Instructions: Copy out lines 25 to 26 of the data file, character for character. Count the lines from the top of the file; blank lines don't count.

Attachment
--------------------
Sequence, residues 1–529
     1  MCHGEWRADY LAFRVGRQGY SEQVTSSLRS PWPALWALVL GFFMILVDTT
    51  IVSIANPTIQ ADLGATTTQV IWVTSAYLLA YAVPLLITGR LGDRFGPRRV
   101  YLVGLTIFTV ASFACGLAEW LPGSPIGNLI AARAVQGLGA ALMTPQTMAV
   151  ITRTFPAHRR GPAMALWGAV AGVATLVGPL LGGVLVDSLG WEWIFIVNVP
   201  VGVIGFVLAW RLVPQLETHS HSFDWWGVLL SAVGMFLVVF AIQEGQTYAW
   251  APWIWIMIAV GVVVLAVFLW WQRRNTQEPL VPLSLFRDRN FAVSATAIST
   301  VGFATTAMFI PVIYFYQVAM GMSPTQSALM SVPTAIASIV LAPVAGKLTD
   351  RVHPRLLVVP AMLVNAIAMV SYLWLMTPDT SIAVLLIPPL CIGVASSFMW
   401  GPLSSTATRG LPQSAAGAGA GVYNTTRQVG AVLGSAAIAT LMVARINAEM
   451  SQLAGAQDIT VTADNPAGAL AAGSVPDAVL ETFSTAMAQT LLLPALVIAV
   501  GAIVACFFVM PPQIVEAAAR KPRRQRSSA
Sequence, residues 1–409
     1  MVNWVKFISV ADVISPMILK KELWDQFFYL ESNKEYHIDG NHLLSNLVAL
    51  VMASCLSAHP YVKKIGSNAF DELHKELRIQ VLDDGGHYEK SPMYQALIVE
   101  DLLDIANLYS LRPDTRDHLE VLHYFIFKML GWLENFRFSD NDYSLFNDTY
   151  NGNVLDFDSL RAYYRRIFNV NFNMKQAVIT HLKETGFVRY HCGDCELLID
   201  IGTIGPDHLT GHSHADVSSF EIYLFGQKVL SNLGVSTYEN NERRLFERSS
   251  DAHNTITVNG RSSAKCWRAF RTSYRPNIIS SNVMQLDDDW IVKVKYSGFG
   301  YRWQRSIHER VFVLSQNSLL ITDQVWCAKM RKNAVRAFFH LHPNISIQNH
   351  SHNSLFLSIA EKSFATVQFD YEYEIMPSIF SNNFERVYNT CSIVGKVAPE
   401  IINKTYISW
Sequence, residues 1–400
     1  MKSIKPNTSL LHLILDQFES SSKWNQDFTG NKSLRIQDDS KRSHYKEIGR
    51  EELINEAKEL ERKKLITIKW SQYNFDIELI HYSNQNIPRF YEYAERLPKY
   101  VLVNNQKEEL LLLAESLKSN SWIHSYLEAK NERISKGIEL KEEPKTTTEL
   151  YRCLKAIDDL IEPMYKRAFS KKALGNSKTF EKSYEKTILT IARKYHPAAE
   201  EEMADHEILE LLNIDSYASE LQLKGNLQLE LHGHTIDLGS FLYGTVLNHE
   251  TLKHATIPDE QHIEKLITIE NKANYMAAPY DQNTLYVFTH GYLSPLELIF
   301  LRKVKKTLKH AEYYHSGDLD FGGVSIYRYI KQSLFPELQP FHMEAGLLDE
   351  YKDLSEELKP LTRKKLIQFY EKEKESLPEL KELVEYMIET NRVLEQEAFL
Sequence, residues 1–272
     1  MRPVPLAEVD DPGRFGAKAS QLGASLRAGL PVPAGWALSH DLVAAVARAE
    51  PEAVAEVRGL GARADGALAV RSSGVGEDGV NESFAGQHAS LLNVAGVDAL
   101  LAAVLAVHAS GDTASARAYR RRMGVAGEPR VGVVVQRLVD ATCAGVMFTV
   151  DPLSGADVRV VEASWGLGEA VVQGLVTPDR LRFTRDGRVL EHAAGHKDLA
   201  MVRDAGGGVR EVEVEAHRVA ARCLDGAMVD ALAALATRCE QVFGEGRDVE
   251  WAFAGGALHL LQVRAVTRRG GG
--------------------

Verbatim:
    51  EELINEAKEL ERKKLITIKW SQYNFDIELI HYSNQNIPRF YEYAERLPKY
   101  VLVNNQKEEL LLLAESLKSN SWIHSYLEAK NERISKGIEL KEEPKTTTEL